Hopi pottery

Pottery is an essential part of the lives of the Hopi Indians in the Arizona region. They have dwelled in this region from about 1100 A.D and have created some excellent pottery since then. Although the same artistic techniques have been renewed in each pottery, the styles have changed within the years.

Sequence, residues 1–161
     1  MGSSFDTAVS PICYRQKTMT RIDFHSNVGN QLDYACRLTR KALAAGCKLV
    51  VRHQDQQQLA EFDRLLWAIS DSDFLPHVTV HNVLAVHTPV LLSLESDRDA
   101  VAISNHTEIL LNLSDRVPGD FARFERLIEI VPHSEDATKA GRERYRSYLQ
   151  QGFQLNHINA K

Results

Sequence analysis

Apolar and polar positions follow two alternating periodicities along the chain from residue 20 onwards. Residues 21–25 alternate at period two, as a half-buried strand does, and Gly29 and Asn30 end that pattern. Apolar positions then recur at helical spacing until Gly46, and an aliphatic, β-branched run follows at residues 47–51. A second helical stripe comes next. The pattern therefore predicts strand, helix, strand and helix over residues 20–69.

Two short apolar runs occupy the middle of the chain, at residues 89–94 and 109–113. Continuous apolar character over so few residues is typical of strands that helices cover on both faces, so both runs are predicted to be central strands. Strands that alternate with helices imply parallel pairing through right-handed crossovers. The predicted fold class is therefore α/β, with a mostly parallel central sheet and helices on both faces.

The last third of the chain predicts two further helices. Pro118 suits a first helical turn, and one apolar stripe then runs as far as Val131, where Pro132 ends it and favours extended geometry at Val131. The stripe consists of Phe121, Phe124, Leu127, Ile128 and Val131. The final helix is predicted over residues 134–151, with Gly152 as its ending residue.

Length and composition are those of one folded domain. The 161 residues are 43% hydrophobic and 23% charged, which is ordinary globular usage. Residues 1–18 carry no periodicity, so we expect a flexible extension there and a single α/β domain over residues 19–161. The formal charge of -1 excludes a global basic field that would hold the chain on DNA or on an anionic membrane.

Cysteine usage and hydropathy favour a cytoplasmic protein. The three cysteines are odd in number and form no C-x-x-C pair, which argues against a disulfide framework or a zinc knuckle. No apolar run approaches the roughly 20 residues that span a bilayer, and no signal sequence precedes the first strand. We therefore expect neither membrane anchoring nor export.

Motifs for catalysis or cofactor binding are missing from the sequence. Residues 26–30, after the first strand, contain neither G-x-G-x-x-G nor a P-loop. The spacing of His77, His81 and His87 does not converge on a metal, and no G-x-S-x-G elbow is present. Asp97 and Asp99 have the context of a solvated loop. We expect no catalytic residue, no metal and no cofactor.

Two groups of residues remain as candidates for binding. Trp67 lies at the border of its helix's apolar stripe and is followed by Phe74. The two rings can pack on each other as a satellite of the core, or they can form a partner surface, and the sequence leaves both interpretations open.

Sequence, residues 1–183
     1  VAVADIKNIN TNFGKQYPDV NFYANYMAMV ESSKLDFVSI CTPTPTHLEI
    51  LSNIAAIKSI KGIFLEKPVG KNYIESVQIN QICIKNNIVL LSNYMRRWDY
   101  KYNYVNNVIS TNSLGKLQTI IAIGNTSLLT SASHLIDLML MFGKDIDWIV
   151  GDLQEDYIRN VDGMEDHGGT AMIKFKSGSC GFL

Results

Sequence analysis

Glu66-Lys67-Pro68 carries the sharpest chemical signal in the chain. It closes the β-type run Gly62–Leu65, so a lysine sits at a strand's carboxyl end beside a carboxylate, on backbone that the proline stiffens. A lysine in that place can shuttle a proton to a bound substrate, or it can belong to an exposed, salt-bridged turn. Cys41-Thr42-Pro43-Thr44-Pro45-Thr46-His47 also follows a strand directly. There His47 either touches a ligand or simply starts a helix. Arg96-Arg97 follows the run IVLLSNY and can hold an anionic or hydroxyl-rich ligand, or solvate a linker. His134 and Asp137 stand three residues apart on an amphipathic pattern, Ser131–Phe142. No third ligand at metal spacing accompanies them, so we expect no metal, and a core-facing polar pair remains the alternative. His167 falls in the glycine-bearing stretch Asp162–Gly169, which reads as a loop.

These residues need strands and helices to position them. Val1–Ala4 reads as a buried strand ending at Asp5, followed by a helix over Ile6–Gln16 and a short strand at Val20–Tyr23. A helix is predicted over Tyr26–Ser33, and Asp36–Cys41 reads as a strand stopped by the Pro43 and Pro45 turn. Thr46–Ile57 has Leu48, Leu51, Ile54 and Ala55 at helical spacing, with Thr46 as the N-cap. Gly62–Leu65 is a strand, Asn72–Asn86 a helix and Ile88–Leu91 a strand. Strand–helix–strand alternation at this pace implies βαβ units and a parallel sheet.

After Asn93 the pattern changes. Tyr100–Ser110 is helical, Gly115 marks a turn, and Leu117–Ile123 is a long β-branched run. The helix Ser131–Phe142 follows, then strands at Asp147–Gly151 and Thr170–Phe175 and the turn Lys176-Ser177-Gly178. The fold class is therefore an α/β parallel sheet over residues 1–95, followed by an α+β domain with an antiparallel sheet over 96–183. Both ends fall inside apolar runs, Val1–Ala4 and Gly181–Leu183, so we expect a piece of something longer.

In 450 A.D, the Moki, the Hopi word for "the peaceful ones," developed thefirst attempts of pottery after meeting the Mogollon Indians. Thick-walled, gray, undecorated pottery began to appear within the Hopi community around 400 A.D to 700 A.D. Kana-a and Second Mesa were black on white pottery styles that emerged during the time period of 700 A.D to 1000 A.D. These consisted of geometric shapes, such as triangles, lines, bands, and scrolls. Soon three and four color polychrome pottery began to develop during the 1300's. The most praised era of the Hopi pottery is called the Sikyatki Polychrome; the following forms were the Payupki, Polacca, and San Bernardo polychrome styles. These consisted of black on red, black and red on white, red, and black on orange colors. Although colors of the pottery have changed, the shapes of these vessels have not evolved. Bowls, jars, are the two typical shapes of Hopi pottery. Others include vases, canteens, pitchers, plates, seed jars, and effigies. There are three basic forms also: equal width and height, tall and narrow, and short and wide. Most Hopi pottery have rims that are curved inward and are typically shallow. The circumference of the midpoint of the sides of the pottery is usually the largest. In history, it was the job of the Hopi women to make the pottery. It was seen as "unmanly" to work with clay to create bowls and jars. However, now in Hopi communities, men are also potters. The size of the pottery now are smaller than pottery of long ago. Pottery, the only artifacts left to tell the tale of the lives of the Hopi Indians of long ago also reflect the change